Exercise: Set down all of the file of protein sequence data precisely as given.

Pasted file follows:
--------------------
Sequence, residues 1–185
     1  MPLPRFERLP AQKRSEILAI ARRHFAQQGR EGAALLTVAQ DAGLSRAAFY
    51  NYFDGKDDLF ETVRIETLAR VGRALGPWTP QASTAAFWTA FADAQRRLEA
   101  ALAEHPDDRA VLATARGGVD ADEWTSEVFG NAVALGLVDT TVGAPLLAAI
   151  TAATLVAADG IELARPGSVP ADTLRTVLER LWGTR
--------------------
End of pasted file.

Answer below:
Sequence, residues 1–185
     1  MPLPRFERLP AQKRSEILAI ARRHFAQQGR EGAALLTVAQ DAGLSRAAFY
    51  NYFDGKDDLF ETVRIETLAR VGRALGPWTP QASTAAFWTA FADAQRRLEA
   101  ALAEHPDDRA VLATARGGVD ADEWTSEVFG NAVALGLVDT TVGAPLLAAI
   151  TAATLVAADG IELARPGSVP ADTLRTVLER LWGTR